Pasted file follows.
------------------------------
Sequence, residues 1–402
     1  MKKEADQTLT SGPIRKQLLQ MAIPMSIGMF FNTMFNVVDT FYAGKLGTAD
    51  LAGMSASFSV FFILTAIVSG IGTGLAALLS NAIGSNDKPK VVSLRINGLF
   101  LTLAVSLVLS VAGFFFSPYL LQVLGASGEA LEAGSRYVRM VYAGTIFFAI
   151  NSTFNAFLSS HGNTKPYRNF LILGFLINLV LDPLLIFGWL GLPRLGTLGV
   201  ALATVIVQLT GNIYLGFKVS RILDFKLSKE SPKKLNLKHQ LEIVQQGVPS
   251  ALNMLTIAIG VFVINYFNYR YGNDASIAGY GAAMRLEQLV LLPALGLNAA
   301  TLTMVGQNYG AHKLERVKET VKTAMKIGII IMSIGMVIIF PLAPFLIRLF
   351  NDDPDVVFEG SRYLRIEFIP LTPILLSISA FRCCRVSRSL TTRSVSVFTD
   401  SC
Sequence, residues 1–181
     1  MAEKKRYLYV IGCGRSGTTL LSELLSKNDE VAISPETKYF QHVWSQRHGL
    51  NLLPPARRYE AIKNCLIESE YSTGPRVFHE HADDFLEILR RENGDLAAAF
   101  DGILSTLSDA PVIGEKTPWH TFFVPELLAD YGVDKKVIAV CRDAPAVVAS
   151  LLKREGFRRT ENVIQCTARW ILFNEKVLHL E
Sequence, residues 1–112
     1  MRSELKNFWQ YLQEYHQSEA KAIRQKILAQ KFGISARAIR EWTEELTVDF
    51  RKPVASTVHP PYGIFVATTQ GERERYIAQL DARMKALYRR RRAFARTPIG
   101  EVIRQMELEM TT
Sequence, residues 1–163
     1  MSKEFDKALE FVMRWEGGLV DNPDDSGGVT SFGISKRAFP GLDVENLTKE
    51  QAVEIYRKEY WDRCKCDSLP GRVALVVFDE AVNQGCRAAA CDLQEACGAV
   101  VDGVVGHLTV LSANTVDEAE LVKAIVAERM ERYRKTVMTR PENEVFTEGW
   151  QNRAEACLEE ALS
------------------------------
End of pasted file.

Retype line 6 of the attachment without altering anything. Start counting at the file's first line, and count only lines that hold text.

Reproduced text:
   201  ALATVIVQLT GNIYLGFKVS RILDFKLSKE SPKKLNLKHQ LEIVQQGVPS